When I was growing up in the UK in the early 1960s, I took what became known as the eleven-plus exam. The controversial exam pretty much defined your future at age 11—white collar or blue. If you passed you went to a grammar school, where you took Latin, English literature, languages, and further academic pursuits; if you failed you went to a secondary modern school and specialized in a trade, like woodwork or metalwork. I failed. But I got another shot when I emigrated to Australia, which allowed you to determine your own future—we studied literature and woodwork.
In the UK back then, as in many other countries, there was a sense of elitism tied to working and “working class” people—or upstairs and downstairs, if you’ve seen Downton Abbey.
As soon as you’re born they make you feel small
By giving you no time instead of it all
Till the pain is so big you feel nothing at all
A working class hero is something to be
A working class hero is something to be
Thankfully, a lot has changed since then—just try servicing your own car and tell me that does not require extensive, specialized knowledge.
I was reminded of this divide while moderating a panel on data ethics with some esteemed University of Virginia alumni recently in New York City. One of the panelists recited words he had heard,
“In the future there will be two kinds of jobs—those where people control machines and those where machines control people.”
Draconian perhaps, but certainly an indicator of what could be the next great divide in a world that is already far too divisive. A step beyond the digital divide to the data divide—the ability of a new elite with access to and an understanding of the vast amount of data that are now being collected and employed to various ends.
While “machine” in this context makes one think of robotics, in broad terms a machine could be anything from a thermostat to an airplane. Let’s keep it simple and consider the thermostat. The people controlling the machine are the people we are training at the School of Data Science—data scientists analyzing data generated from many thermostats employing predictive analytics to determine what temperature to set at what time based on an input dataset. The people being controlled are those living in the house with such a thermostat. The great divide comes when the heating bill arrives. It is more than they can afford. The occupants are immediately suspicious that the data scientists work for the power company. Sure, there are overrides, but who programs all those features? For old-timers, think of the flashing 12:00 on the videocassette recorder (VCR).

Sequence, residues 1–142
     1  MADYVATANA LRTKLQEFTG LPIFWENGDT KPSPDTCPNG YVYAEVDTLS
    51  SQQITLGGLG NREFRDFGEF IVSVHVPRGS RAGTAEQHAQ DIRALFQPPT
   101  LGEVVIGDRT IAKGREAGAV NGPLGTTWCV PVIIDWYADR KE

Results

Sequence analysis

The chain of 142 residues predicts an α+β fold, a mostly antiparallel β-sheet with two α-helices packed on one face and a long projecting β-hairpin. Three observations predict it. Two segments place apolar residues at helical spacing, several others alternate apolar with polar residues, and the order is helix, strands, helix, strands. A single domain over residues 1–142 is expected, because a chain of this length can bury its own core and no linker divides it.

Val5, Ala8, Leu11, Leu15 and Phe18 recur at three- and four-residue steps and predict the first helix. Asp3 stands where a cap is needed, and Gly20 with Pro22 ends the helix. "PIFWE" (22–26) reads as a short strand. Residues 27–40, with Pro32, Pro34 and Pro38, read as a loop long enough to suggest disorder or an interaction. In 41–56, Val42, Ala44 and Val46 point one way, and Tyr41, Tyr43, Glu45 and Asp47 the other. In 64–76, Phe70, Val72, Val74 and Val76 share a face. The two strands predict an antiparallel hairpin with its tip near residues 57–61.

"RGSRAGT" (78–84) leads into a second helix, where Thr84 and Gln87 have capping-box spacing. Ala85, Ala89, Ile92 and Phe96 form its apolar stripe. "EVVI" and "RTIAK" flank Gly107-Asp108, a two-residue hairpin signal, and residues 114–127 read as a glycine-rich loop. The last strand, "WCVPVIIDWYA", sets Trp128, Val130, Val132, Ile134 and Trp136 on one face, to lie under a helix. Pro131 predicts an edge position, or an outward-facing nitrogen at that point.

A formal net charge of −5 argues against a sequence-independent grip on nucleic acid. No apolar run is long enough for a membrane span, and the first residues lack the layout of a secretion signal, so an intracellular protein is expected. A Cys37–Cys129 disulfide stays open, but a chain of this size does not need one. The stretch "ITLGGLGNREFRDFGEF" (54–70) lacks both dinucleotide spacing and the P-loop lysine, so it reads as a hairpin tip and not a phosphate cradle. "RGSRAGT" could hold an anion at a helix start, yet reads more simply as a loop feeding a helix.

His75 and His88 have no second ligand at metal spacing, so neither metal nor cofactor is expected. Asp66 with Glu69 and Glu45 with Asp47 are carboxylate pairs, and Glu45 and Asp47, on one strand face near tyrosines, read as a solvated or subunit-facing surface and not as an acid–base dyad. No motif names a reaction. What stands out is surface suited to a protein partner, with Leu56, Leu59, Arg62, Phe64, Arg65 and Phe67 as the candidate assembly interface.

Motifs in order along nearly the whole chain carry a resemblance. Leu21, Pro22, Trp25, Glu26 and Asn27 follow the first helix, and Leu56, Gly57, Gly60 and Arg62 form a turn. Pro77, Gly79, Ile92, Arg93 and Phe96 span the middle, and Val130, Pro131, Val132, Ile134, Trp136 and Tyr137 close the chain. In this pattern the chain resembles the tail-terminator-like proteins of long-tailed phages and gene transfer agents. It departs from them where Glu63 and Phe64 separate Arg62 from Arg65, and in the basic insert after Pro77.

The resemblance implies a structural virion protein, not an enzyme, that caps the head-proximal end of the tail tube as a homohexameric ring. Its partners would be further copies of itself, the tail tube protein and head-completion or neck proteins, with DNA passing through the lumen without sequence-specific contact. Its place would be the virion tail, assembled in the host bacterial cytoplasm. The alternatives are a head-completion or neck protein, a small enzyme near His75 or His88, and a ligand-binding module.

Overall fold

A silly example perhaps, or is it? It points to the need for an absolute commitment on the part of data science educators and the students we train to close the divide that exists now, and that will only worsen if we are not responsive. As always, defining the problem is easier than finding a solution, and both are easier than implementing one.
What steps should we take as a newly emerging School of Data Science to address this new Data Divide? Let’s use the thermostat example as a guide.
- Communicate well and transparently—the consumer needs a simple and concise explanation of what data were collected and how it was used to run the thermostat. They also need a clear understanding of the terms of agreement and how they are impacted by them.
- Know the consequences of your actions—this involves both the reality of how the data are being used as well as the perception by the consumer of how the data are being used.
- Understand the laws and policies governing data—who owns the data coming from the thermostat? What are they empowered or prevented by law to do with it?
Above all, train students who are active, not reactive. Train leaders, not followers, who act with integrity and honesty. Leaders who understand the real-world consequences of their actions to communities and to individuals, and who feed that back into the work that they do and are not swayed by profiteering.
The societal impact of the great Data Divide as it relates to jobs and to life more generally is likely to be severe. Previous revolutions—agriculture, industrialization, computerization—have taught us that. After a period of disruption society was generally better off than it was before. The key will be training a generation that works to minimize that disruption and begins building a better world as soon as possible.